Having been involved in web design and development for years, there are a few horror stories I hear over and over and they fall into these categories:
I’m doing this until I find a “real” job. Anyone can now build a site without having to know HTML or CSS, but an internet connection and Photoshop do not a web developer make! It doesn’t mean (s)he understands design, understands your business needs, or knows what goes into creating an effective user experience. And, what happens when (s)he gets that “real” job? You can end up suffering from “disappearing developer” disease.
I do this at night, but by day I’m an admin assistant. Same results as above, except now you can’t even reach your developer during the business day. Work you request to be done on your site will take longer to do because the real job will always take priority over your project.
I know a little about websites, but you know even less, so I hope you won’t find out. As the saying goes, a little knowledge is a dangerous thing. You are an expert at your business, but not about web design or development, SEO, site security, and so on. So, you rely on the designer to know their stuff! Trouble is, there are designers out there who know little more than you do – perhaps enough to get started with your web site. Problems arise when you need a little more that falls outside of your developer’s skill set. Suddenly, (s)he stops returning your calls and emails.
I can host your site (and make extra $$) on a server I set up myself on top of my refrigerator (true story). If even the best and biggest hosting providers have security and down-time issues from time to time, what hope is there for this arrangement? Connectivity speed, security, down time due to power outages are all at risk. What happens if the frig-top hard drive fails – are there mirror back-ups of your site? The real question is, why would you ever trust your businesses’ online presence to such an arrangement?
I don’t need you to sign a contract. Be suspicious if a designer/developer won’t commit to deliverables in writing. Be protected when (s)he decides to take a “real” job, runs away to study with a yogi, or otherwise fails to deliver what you paid for.
I will give you a low cost estimate which will please you no end, then decide the project is larger than first thought and demand more money to continue. Seriously, there are people out there for whom this is their business model. But a lot is also due to inexperience. It’s not unreasonable to ask for more money for a larger project (and scope creep is pretty common) but it’s not a happy turn of events. The antidote? A web designer who scopes the project out up front, asks about your business goals and objectives, your budget, and offers suggestions and alternatives so that you know exactly what to expect for your money. Any work changes will be addressed promptly and priced so you can decide if you want to proceed.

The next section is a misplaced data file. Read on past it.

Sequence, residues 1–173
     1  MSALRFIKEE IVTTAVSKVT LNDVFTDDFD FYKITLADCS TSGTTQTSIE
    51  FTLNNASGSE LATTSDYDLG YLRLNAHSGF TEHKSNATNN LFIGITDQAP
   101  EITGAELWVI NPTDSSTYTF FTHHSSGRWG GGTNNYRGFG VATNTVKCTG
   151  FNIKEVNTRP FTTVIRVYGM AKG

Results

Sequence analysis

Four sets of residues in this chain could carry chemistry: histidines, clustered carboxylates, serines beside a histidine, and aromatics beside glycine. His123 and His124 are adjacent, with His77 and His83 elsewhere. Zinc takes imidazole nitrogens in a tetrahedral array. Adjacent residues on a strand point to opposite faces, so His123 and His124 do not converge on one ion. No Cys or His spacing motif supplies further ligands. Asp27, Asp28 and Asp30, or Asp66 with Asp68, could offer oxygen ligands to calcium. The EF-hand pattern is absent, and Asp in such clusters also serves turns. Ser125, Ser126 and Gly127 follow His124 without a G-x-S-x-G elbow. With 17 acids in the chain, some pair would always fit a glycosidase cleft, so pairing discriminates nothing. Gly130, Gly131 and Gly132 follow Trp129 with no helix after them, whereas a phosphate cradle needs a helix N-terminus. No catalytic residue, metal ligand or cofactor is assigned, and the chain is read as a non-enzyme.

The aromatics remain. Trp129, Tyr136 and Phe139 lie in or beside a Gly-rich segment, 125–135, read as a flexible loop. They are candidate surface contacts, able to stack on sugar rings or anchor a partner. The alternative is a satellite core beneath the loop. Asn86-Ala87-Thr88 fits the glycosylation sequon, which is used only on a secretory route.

I know Flash and Photoshop, so that’s what you need. There’s another saying, “When all you have is a hammer, everything looks like a nail.” A web designer may have competence in a limited range of programs, so you won’t probably learn of options or alternatives that might better suit your needs. You can still end up with a site that looks great, but doesn’t fulfill your business needs. Maybe it’s not search optimized, maybe it’s not mobile friendly, maybe you can’t manage the content of your website yourself – issues that will actually hurt your business.
How can you avoid these scenarios? Educate yourself a little bit now to save yourself headaches later.
Always register your domain in your name. NEVER let a developer register your URL in their name. If the developer vanishes, so too does your domain name, and your control over it.
Know where your site is hosted. Ask the developer, then Google the company to make sure it is reputable. I always put hosting plans in my clients’ control, even if I do the set-up for them. If something happens to me, I want them to have to ability to transition to somewhere else with a minimum of hassle.
DON’T talk first about how the site will look. The conversation should ALWAYS start with, and revolve around, the goals and objectives of your business. When that is top of mind, good design will naturally follow.
DON’T decide on price alone. There’s always someone who will do the work for you cheap. Before choosing a website designer, consider the likely quality of the finished product and the quality of the service and support you’ll receive during the project and beyond.
Sign that contract. The contract will define the scope, limitations, payment schedule and timeframe of your project.
If you’ve had any of the experiences above, you have my sympathy! But, know that there are many reputable, reliable and talented web designers and developers out there, so don’t give up – just do a little homework first.
Have a you had a bad experience like any of these? Tell us about it by leaving a comment.